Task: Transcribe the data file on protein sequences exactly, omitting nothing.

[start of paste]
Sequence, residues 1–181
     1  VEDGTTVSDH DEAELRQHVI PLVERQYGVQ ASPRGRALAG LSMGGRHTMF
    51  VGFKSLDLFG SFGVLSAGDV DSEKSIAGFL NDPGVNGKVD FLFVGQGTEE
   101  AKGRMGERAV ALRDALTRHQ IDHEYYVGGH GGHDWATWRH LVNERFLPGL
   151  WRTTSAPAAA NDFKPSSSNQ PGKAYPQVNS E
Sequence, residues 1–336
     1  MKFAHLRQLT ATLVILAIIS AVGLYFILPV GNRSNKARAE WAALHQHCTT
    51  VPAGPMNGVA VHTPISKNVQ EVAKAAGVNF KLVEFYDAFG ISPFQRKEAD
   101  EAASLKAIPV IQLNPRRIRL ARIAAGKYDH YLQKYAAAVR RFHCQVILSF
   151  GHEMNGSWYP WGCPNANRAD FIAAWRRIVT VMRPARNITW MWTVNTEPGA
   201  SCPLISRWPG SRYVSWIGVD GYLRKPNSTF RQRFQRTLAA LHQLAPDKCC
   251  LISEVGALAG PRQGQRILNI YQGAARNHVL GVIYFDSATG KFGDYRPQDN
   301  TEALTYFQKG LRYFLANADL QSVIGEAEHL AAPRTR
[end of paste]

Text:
Sequence, residues 1–181
     1  VEDGTTVSDH DEAELRQHVI PLVERQYGVQ ASPRGRALAG LSMGGRHTMF
    51  VGFKSLDLFG SFGVLSAGDV DSEKSIAGFL NDPGVNGKVD FLFVGQGTEE
   101  AKGRMGERAV ALRDALTRHQ IDHEYYVGGH GGHDWATWRH LVNERFLPGL
   151  WRTTSAPAAA NDFKPSSSNQ PGKAYPQVNS E
Sequence, residues 1–336
     1  MKFAHLRQLT ATLVILAIIS AVGLYFILPV GNRSNKARAE WAALHQHCTT
    51  VPAGPMNGVA VHTPISKNVQ EVAKAAGVNF KLVEFYDAFG ISPFQRKEAD
   101  EAASLKAIPV IQLNPRRIRL ARIAAGKYDH YLQKYAAAVR RFHCQVILSF
   151  GHEMNGSWYP WGCPNANRAD FIAAWRRIVT VMRPARNITW MWTVNTEPGA
   201  SCPLISRWPG SRYVSWIGVD GYLRKPNSTF RQRFQRTLAA LHQLAPDKCC
   251  LISEVGALAG PRQGQRILNI YQGAARNHVL GVIYFDSATG KFGDYRPQDN
   301  TEALTYFQKG LRYFLANADL QSVIGEAEHL AAPRTR